Maryland Gov. Martin O'Malley and Rep. Albert R. Wynn marked Presidents' Day yesterday at the state's oldest historically black university with a call to expand diversity in higher education.
Speaking during a forum at Bowie State University, O'Malley (D) said diversity is "our greatest strength as a people." It is time for leaders to move beyond the "political mumbo jumbo," he said, and increase minorities' access to higher education.
"We may have indeed torn down the walls of segregation, but there are still so many walls to tear down in our hearts, in our habits and in what we choose and choose not to do," O'Malley told about 100 students, faculty members and guests.
Wynn (D-Md.) said it is important to "preserve and expand" the roles of the nation's historically black campuses in higher education.
Wynn called for the federal government to increase research funding for such schools, saying they receive 2 percent of research money.
"The research dollars go to the Stanfords and the Yales and the things like that," Wynn said. "We must get federal research dollars into historically black colleges like Bowie State."
In addition to speeches, the forum featured several student performances. The university gospel choir sang, and Colours, a performing arts troupe from Northwestern High School in Prince George's County, interpreted President Abraham Lincoln's Emancipation Proclamation and the Rev. Martin Luther King Jr.'s "I Have a Dream" speech.
Former state senator Gloria G. Lawlah (D-Prince George's), who is O'Malley's nominee for secretary of aging, and Del. Victor R. Ramirez (D-Prince George's) also addressed the forum, saying diversity is important at all levels of society.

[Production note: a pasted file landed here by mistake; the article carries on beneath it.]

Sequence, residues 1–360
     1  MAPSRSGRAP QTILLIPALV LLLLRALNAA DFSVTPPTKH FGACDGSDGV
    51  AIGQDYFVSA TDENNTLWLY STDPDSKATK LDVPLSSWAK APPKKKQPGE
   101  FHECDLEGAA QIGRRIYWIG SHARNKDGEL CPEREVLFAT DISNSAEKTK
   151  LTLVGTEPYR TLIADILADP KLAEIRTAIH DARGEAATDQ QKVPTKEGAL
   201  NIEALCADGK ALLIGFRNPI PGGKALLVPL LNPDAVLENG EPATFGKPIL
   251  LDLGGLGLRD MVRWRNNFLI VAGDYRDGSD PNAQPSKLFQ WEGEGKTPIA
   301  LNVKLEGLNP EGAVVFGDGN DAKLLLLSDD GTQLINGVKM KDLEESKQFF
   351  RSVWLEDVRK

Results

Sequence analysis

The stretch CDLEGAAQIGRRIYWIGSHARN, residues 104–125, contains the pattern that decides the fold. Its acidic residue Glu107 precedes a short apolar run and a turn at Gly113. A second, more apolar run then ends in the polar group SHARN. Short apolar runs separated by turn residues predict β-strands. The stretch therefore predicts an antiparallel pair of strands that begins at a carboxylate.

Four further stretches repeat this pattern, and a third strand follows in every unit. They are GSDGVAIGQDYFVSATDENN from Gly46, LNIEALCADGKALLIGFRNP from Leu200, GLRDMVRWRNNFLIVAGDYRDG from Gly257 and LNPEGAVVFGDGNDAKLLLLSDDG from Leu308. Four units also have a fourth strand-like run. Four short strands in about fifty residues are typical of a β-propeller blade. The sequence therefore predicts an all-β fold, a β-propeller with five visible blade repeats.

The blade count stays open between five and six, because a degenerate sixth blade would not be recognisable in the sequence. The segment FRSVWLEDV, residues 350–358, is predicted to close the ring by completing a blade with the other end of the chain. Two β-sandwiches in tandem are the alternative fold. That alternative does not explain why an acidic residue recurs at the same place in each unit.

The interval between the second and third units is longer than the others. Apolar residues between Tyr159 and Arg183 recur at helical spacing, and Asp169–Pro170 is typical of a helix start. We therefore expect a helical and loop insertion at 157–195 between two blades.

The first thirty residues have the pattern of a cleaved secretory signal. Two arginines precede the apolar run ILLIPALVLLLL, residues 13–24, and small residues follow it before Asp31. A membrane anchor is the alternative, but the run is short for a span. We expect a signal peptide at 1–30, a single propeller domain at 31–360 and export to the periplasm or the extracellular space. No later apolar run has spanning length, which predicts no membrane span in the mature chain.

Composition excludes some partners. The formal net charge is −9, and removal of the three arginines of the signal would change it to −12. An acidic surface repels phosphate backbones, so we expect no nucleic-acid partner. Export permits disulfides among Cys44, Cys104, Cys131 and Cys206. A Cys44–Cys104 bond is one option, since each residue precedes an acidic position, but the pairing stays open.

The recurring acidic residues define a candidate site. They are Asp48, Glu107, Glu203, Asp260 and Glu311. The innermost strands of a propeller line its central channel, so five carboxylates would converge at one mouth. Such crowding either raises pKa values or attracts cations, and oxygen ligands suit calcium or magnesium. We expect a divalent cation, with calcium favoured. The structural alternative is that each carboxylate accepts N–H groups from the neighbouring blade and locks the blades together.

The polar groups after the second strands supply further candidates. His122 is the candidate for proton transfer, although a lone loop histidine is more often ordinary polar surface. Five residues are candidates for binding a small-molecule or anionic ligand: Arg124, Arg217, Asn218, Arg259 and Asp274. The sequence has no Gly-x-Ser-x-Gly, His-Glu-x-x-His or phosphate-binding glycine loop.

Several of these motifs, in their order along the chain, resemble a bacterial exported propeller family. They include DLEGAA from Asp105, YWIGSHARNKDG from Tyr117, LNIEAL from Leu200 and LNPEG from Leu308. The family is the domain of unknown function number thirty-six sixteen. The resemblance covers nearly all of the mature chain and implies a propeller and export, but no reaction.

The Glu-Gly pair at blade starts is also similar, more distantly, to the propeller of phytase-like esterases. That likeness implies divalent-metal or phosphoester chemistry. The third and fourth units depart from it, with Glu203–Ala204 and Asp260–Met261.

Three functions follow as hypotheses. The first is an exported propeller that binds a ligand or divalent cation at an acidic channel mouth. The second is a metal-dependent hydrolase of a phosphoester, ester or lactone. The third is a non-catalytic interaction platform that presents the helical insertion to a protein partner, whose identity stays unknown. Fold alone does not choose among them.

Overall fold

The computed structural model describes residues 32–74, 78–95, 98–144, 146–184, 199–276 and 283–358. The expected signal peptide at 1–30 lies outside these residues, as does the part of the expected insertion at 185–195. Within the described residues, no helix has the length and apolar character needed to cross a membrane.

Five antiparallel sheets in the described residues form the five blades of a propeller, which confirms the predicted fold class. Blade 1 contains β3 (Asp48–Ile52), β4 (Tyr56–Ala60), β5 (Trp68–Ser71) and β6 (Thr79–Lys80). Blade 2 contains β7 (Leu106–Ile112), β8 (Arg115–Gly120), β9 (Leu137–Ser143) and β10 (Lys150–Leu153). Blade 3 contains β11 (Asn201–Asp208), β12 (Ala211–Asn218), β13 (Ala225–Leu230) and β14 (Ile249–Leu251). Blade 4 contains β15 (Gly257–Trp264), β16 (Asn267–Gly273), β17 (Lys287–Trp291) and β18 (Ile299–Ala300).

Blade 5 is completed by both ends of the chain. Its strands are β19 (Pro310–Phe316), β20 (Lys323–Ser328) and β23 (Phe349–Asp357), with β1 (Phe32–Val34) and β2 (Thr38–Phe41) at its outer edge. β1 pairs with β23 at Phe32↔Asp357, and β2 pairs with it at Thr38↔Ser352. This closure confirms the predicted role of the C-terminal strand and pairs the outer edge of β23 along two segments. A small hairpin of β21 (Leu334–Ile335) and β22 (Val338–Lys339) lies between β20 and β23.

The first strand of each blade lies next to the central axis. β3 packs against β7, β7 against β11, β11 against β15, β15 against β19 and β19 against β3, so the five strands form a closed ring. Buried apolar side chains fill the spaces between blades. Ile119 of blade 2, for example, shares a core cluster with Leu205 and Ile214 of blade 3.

"Our students can and will succeed, there's no doubt in my mind, and they will take the place of each and every one of us sitting here today," Lawlah said. "And guess what? I'm looking forward to it."
O'Malley opened his remarks with a few jokes that solicited laughs from the predominantly African American audience. "Being the mayor of Baltimore, every month was Black History Month . . . and every month we had the opportunity to make history," O'Malley said.
But the governor spoke seriously about diversity. He said his generation and younger ones are continuing the struggles that defined the civil rights movement of the 1950s and 1960s.
People are carrying that fight for "individual worth, individual rights, individual opportunities. That is a battle we have inherited," O'Malley said.
O'Malley listed several of his administration's education goals. He has frozen public college tuition for a year and committed $400 million to school construction, but he said more needs to be done.
"We have a lot of work in front of us, but we have a lot of worth in our state," O'Malley said.
As Miss Bowie State, Jessica Reed, 21, a senior psychology major from Clinton, emceed the forum. She said O'Malley's comments would help motivate her classmates.
"I think a lot of his poignant points are still relevant today," Reed said. "I think he really inspired us to go out and be more diverse in our daily interactions."